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Inside David De Gea's failed move from Manchester United to Real Madrid

Yesterday, the transfer window *slammed* shut. (Except in various countries where it’s still ajar. Ajar, for those of you without access to Merriam-Webster, means open. As in not cosed. Not air-tight. A bit like Sergio Romero in goal.)

But it did close on the David De Gea transfer epic.

Forget Raheem Sterling to Manchester City. Ignore Mario Balotelli to AC Milan. De Gea from Manchester United to Real Madrid was more on-again, off-again than any of Simon’s relationships. And now, like his love life, it looks very, very off.

The past 24 hours have been fun.

We live in a modern age where information zips around the globe in microseconds. One can download a full movie—either Hollywood or pornographic—in a matter of minutes, so when two multi-national companies worth billions of dollars are negotiating, it would go smoothly. Or so you’d think. Both sides left it so late that they somehow missed yesterday’s 6 p.m. EST deadline.

Here’s exclusive footage of Manchester United chief executive Ed Woodward preparing the contract.

The scenes at the Bernabeau were equally tense.

Real Madrid had to file the paperwork with the Spanish league by midnight. Club administrators were refreshing their inboxes every second. People waited by the fax machine. The Fed-Ex van idled outside. A raven from the Maester at Winterfell circled as the clock ticked closer to the witching hour … and passed midnight.

Who’d have thought, but the Spanish league announced that the paperwork had not arrived in time. So the deal was off. De Gea is staying in Manchester, and Keylor Navas (the goalkeeper set to head the other way) is stuck in Madrid. Nobody was very happy.

Here’s a fly-on-the-wall view of the lot outside the Bernabeau.

But wait!

Real Madrid countered that it had electronic proof that it had sent the documents at 11:59 p.m. and would ask the league to reconsider. And if that wasn’t bad enough, it then suggested that nobody could open the attachment file that Manchester United originally sent. Gotta update Adobe, people.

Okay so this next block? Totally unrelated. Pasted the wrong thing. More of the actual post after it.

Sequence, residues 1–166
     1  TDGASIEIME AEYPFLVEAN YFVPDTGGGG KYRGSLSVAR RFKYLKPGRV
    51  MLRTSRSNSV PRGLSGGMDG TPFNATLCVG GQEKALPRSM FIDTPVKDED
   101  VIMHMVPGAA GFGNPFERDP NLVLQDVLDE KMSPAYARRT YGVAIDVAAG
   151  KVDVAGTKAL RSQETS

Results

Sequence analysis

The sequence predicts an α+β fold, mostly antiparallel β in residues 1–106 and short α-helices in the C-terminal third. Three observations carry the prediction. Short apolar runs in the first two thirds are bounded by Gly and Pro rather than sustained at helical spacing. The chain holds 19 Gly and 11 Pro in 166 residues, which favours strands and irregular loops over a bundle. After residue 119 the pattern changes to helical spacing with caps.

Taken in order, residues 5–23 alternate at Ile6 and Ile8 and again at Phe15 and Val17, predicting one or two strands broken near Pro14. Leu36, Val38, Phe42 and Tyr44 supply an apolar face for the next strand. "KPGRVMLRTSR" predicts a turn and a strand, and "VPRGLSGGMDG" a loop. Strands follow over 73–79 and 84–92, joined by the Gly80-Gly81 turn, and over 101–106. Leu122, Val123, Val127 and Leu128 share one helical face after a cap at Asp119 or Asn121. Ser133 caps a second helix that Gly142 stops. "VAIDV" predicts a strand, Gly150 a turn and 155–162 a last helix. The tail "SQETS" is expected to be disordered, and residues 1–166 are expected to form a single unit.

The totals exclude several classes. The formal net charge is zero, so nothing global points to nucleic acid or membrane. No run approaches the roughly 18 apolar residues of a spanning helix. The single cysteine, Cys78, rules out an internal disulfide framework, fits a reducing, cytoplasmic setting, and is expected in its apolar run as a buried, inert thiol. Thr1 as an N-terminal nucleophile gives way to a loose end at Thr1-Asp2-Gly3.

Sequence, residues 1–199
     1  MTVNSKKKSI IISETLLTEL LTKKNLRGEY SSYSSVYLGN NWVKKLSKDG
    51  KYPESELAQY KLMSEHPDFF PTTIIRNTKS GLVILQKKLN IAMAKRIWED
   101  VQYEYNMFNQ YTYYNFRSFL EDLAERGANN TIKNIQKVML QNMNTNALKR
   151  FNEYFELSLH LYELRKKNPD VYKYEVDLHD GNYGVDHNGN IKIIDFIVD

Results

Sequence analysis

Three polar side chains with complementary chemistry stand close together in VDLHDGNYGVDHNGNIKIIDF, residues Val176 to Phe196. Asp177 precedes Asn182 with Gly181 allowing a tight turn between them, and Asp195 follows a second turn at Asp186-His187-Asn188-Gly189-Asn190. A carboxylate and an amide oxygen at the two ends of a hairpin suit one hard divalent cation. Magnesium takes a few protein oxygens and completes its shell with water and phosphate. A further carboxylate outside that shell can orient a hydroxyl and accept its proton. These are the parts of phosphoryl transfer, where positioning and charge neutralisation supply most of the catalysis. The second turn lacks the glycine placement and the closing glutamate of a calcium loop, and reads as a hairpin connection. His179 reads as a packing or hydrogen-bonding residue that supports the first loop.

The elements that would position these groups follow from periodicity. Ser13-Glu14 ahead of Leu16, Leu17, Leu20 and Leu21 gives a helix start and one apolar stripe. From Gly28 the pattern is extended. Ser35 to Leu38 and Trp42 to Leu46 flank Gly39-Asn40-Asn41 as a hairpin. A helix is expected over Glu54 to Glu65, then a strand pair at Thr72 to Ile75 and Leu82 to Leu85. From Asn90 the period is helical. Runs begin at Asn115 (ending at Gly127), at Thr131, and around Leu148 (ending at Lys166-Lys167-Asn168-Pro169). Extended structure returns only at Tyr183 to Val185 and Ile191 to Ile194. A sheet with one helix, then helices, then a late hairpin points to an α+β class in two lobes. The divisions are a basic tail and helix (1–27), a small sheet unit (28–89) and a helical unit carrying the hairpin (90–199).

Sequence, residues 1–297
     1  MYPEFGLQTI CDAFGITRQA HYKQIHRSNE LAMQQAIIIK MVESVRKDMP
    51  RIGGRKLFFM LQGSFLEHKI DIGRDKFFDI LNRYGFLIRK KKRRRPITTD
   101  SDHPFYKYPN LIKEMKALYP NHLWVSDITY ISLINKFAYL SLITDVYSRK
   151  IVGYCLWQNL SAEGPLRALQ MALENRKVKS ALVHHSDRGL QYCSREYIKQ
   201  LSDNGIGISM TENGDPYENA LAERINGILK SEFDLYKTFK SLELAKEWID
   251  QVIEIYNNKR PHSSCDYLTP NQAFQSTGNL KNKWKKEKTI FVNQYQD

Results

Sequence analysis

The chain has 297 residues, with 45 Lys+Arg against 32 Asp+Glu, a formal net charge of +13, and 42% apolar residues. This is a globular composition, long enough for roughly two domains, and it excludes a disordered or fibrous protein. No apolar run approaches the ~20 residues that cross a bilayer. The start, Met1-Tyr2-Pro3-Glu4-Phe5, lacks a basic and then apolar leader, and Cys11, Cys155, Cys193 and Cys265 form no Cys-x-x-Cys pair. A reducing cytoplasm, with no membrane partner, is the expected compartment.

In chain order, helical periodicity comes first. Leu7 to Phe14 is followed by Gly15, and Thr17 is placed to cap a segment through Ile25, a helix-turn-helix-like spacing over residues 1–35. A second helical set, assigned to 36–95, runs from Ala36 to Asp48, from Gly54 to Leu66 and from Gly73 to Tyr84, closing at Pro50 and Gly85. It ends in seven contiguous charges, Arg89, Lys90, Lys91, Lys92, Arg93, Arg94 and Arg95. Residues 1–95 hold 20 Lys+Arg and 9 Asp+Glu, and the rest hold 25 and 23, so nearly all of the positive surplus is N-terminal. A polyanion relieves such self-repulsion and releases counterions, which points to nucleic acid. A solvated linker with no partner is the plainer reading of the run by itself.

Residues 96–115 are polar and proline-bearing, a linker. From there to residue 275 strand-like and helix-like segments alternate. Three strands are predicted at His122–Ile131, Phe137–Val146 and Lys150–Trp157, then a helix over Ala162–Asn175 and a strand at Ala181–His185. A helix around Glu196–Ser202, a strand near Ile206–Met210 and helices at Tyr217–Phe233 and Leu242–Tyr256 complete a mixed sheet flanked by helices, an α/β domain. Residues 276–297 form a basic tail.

Entirely unrelated, here’s a word from one of Madrid’s sponsors.

It now looks like the deal is entirely off. Manchester United blamed Real Madrid, and Real Madrid blamed Manchester United.

Inside David De Gea's failed move from Manchester United to Real Madrid

Yesterday, the transfer window *slammed* shut. (Except in various countries where it’s still ajar. Ajar, for those of you without access to Merriam-Webster, means open. As in not cosed. Not air-tight. A bit like Sergio Romero in goal.)

But it did close on the David De Gea transfer epic.

Forget Raheem Sterling to Manchester City. Ignore Mario Balotelli to AC Milan. De Gea from Manchester United to Real Madrid was more on-again, off-again than any of Simon’s relationships. And now, like his love life, it looks very, very off.

The past 24 hours have been fun.

We live in a modern age where information zips around the globe in microseconds. One can download a full movie—either Hollywood or pornographic—in a matter of minutes, so when two multi-national companies worth billions of dollars are negotiating, it would go smoothly. Or so you’d think. Both sides left it so late that they somehow missed yesterday’s 6 p.m. EST deadline.

Here’s exclusive footage of Manchester United chief executive Ed Woodward preparing the contract.

The scenes at the Bernabeau were equally tense.

Real Madrid had to file the paperwork with the Spanish league by midnight. Club administrators were refreshing their inboxes every second. People waited by the fax machine. The Fed-Ex van idled outside. A raven from the Maester at Winterfell circled as the clock ticked closer to the witching hour … and passed midnight.

Who’d have thought, but the Spanish league announced that the paperwork had not arrived in time. So the deal was off. De Gea is staying in Manchester, and Keylor Navas (the goalkeeper set to head the other way) is stuck in Madrid. Nobody was very happy.

Here’s a fly-on-the-wall view of the lot outside the Bernabeau.

But wait!

Real Madrid countered that it had electronic proof that it had sent the documents at 11:59 p.m. and would ask the league to reconsider. And if that wasn’t bad enough, it then suggested that nobody could open the attachment file that Manchester United originally sent. Gotta update Adobe, people.

Entirely unrelated, here’s a word from one of Madrid’s sponsors.

It now looks like the deal is entirely off. Manchester United blamed Real Madrid, and Real Madrid blamed Manchester United.

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